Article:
NBC's 'Rosemary's Baby' remake gets writers, director
Production begins in Paris in January, so start casting!
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Back in July at the Television Critics Association press tour, NBC announced a slew of event series or miniseries productions that the network was moving forward on.
The Hillary Clinton miniseries, which actually had a writer/director (Courtney Hunt) and a top-tier star (Diane Lane) attached, fell apart spectacularly and is dead.
It's unclear where things stand on the adaptation of "Tommyknockers," which had Yves Simoneau attached to direct, or a Mark Burnett-produced story of the Mayflower landing.
One event series that's definitely moving forward is NBC's "Rosemary's Baby." On Tuesday (December 10), NBC announced a formal greenlight for the miniseries, which is roaring towards a production start in January in Paris.
At the time of the original announcement, Scott Abbott ("Introducing Dorothy Dandridge") was adapting the 1967 Ira Levin novel. Since then, James Wong ("The X Files") has been an encouraging addition as co-writer. In addition, Oscar and Emmy nominated director Agnieszka Holland has signed on, with the "Treme" and "Europa, Europa" helmer making an interesting choice for the four-hour production.
Various NBC folks have enthusiastic statements.
"Ira Levin’s mesmerizing book was a groundbreaking reflection on how effective and influential a psychological thriller could be," blurbs Quinn Taylor, Executive Vice President, Movies, Miniseries and International Co-Productions, NBC Entertainment. "We’re looking forward to adapting his incredible work and bringing those indelible characters to a new generation of viewers."
Adds NBC Entertainment President Jennifer Salke, "As we move into the event movie and miniseries space, ‘Rosemary’s Baby’ represents the kind of attention-getting, surprising project that will make noise for us. The story has been updated and moved to Paris, but it’s faithful to the spirit of Ira Levin’s classic novel. This is a compelling tale wonderfully told."
Only in the very last sentence of the press release does NBC mention, "The book was later adapted into a feature film directed by Roman Polanski." Oh right. That. The movie earned 10X its budget and was nominated for a screenplay Oscar and won an Oscar for supporting actress Ruth Gordon. It is considered a horror classic.
The benefits and risks associated with adapting a '60s cinematic landmark are currently on display in A&E, History and Lifetime's "Bonnie & Clyde," which steered away from Arthur Penn's bracing masterpiece by sanding away everything that made it thematically and aesthetically distinctive. While Emile Hirsch and Holliday Granger don't embarrass themselves in "Bonnie & Clyde," that's mostly because either puts a meaningful stamp on roles that will continue to only be associated with Warren Beatty and Faye Dunaway, in perpetuity. However, "Bonnie & Clyde" has been a solid hit for the three networks airing it, so they probably don't care that unlike "Hatfields & McCoys," this new miniseries probably won't also be a major awards contender (Golden Globes don't count).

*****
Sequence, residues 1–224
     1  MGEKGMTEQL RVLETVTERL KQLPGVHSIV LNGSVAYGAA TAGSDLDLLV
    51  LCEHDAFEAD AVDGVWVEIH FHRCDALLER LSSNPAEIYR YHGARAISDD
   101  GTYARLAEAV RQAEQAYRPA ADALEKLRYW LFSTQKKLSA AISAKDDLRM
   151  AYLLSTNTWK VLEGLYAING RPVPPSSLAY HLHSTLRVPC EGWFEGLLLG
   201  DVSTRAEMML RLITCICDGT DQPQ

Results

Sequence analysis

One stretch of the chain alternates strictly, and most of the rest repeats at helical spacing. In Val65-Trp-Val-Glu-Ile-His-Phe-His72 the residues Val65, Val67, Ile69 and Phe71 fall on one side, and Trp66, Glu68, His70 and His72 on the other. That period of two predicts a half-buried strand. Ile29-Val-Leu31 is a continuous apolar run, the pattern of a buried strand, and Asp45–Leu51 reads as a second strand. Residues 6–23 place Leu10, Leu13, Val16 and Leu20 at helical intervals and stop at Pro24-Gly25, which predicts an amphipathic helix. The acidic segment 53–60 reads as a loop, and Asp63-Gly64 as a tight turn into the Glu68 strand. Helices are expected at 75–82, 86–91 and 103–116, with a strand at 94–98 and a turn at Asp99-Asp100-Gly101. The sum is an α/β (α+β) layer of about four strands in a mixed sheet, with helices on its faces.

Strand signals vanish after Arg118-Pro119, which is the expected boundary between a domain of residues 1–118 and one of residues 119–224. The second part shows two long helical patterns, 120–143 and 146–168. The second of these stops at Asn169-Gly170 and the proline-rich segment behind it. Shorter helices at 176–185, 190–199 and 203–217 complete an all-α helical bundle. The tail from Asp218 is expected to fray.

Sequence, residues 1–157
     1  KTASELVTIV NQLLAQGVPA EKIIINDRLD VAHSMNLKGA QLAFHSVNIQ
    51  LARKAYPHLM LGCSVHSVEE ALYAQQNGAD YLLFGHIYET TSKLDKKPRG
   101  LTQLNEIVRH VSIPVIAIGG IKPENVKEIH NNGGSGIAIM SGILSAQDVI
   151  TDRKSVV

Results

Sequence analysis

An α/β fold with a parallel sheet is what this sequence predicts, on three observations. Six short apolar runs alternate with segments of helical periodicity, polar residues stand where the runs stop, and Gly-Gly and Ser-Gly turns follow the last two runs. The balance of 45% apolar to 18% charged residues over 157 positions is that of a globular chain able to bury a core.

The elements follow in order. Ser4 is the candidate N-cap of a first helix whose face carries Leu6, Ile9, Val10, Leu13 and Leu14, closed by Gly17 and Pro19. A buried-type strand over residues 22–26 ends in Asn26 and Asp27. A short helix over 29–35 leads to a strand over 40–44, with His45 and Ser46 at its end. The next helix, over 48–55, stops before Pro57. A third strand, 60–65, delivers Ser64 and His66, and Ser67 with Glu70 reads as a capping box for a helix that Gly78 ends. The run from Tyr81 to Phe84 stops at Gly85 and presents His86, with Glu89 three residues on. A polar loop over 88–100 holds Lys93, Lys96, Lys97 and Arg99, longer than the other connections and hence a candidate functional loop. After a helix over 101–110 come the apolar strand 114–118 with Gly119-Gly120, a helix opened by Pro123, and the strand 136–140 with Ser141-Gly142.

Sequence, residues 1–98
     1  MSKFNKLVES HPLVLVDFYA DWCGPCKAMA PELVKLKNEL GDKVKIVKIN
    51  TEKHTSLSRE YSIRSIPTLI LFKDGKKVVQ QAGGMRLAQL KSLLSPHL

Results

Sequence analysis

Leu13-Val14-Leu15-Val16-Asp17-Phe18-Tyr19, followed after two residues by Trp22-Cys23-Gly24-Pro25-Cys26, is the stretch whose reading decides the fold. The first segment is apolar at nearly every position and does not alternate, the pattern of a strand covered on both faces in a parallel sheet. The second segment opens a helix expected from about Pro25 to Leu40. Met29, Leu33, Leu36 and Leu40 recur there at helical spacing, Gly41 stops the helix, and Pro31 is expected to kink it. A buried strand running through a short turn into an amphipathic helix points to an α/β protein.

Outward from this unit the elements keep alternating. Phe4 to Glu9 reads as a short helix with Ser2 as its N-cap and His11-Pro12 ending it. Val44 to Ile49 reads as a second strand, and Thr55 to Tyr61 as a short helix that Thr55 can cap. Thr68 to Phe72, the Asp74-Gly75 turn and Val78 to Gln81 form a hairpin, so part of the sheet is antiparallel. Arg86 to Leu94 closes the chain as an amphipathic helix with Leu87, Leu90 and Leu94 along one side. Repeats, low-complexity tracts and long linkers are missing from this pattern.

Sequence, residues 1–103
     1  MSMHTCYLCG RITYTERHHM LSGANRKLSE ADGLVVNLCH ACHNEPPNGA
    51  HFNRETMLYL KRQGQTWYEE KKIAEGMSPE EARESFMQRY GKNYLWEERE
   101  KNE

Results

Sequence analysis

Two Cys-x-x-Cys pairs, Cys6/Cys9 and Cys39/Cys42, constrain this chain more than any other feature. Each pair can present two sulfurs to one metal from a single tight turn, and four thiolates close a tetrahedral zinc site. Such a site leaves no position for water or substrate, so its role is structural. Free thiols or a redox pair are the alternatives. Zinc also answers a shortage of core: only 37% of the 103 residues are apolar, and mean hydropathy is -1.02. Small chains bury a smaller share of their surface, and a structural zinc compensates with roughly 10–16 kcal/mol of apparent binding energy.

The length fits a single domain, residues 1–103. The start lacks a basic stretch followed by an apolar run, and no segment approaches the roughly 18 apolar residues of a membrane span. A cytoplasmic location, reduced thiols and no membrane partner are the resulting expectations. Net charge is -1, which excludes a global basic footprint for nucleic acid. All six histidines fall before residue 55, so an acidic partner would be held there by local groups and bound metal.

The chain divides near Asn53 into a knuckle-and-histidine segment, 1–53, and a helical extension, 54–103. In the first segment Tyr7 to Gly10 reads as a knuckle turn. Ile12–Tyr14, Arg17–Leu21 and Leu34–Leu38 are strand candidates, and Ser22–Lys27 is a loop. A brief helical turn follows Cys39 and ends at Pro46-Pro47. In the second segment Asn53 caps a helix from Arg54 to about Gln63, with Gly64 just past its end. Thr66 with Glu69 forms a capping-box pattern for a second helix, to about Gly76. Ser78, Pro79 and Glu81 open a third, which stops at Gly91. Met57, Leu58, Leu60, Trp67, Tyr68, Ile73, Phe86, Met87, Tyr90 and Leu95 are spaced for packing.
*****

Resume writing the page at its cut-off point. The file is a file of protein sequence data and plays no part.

Perhaps hoping to differentiate itself from Polanski's film (but mostly hoping to capitalize on the lucrative international marketplace), the NBC "Rosemary's Baby" has been transplanted to Paris, which isn't necessarily a drawback in my book. Paris has the necessary mixture of architecture, antiquity and connection to the occult to play off of Levin's book. Plus, ABC just did a New York-set update on "Rosemary's Baby," calling it "666 Park Avenue." It wasn't bad, but nobody watched it.
"Bonnie & Clyde" is pretty clearly and effectively a product of its time, a look at two Depression Era mobsters through the prism of the '60s counterculture, simultaneously valorizing them as rage-and-the-machine outlaws, but propelling the story forward with a fatalism that also fueled works from "Easy Rider" to "Butch Cassidy and the Sundance Kid." "Rosemary's Baby" also fits into the paranoia of the late-'60s and early-'70s, but it's also just a disturbing creep-fest. To me, "Rosemary's Baby" works ridiculously well to this day, but when I was in grad school, I TAed a class of undergrads who watched the movie and came away distressingly underwhelmed. My students tried saying that "Rosemary's Baby" was too slow and not scary enough. We'll see how a four-hour miniseries combats those complaints.
It's almost impossible to emphasize the importance of casting the main role. "Rosemary's Baby" works because of both Mia Farrow's performance, but how Polanski uses Farrow's physicality and even her acting limitations. Cast Rosemary correctly and Holland is the sort of actor-oriented director who would be able to get great work from them. Cast Rosemary incorrectly and it won't matter how well "Rosemary's Baby" is written or how fantastically Holland captures the Eiffel Tower.
The Diane Lane casting in the Clinton miniseries wasn't necessarily perfect and we'll never see it anyway, but it indicated the stature of actor NBC is targeting on these projects. On the just-recorded videocast, I joked about Carrie Underwood. HitFix's Greg Ellwood suggested Elizabeth Olsen, who I actually think would work perfectly. I suggested Carey Mulligan, who I think would be great, but I can't imagine she wants to step into another Mia Farrow role so soon after "The Great Gatsby."